Today’s gaming marketplace is inundated with products. Across every platform and every genre, more and more fantastic games are being released every day. The temptation to part with hard-earned cash can be pretty…tempting…but more often than not we probably find ourselves listening to that little voice in our heads that asks: “But what if it sucks?”
There are trailers. There are screenshots. There are reviews. But ultimately in the world of gaming there is only one true determination as to whether a game will be worth the money. In yon olden days, sometimes discs packed with these would be tucked away inside PC gaming magazines. They were golden. They were vital.
They were the playable demos.
Because let’s be truly honest: games rarely play out like their cinematic trailers. The concept is incredibly strange, really. Here’s a product that has to succeed based on how fun it is to interact with it. Logically, one would provide an example of that interaction in order to sell the game.
Oddly enough, that practice has largely fallen to the wayside. Except for some wonderful companies upholding the practice, the idea of a playable demo disappeared a long time ago. This is marvellously ironic given that the overall landscape of gaming has firmly changed from a physical to a digital one. So now that we aren’t as reliant on physical media, digital demos should be easily available!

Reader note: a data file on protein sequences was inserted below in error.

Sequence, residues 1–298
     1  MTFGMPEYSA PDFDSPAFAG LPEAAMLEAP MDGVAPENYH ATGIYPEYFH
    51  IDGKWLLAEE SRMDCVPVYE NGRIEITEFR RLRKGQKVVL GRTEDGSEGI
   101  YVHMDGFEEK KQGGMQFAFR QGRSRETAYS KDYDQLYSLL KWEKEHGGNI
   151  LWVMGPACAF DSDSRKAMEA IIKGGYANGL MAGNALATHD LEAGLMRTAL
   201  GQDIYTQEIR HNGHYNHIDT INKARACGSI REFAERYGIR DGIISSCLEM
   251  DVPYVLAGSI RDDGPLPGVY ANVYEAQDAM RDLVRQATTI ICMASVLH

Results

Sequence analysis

Yet, the opposite seems to be the case thus far . A swift look at Steam’s latest demos shows only a few indie titles. Not a single major game released recently offers a free trial. Slightly better is the PSN. Featuring a bunch of popular titles like Destiny, Life is Strange, Far Cry 4 and Final Fantasy XIV: a Realm Reborn, each of these and more boasts a free demo.
MMOs typically offer such trials so this isn’t too surprising. Seeing such incredible titles getting the treatment is also a great thing. But what about Evolve? Why didn’t Bloodborne or Dragon Age Inquisition get a free demo? Why hasn’t one been announced for The Witcher 3?
Perhaps this is less of a problem for long-running series, but perhaps not. Had I personally been given a chance to demo Dragon Age Inquisition I never would have purchased it. When new and expensive games are premiering, one must ensure that the chunk of change they’re about to part with is going toward a good investment. Gamers have a lot of options and a finite amount of cash; choosing which new title to indulge in isn’t easy.
And what about gamers looking to branch out of their comfort zone? There are great examples of demos for the many visual novels that are practically infesting Steam lately, but it’s still not widespread. Games like Princess Evangile and eden* are free to try, but there are tons of new titles released every day – and they aren’t cheap. Can publishers reasonably expect someone to dump cash into a game that might turn out to be their new least favorite?
Free demos can change this – but how?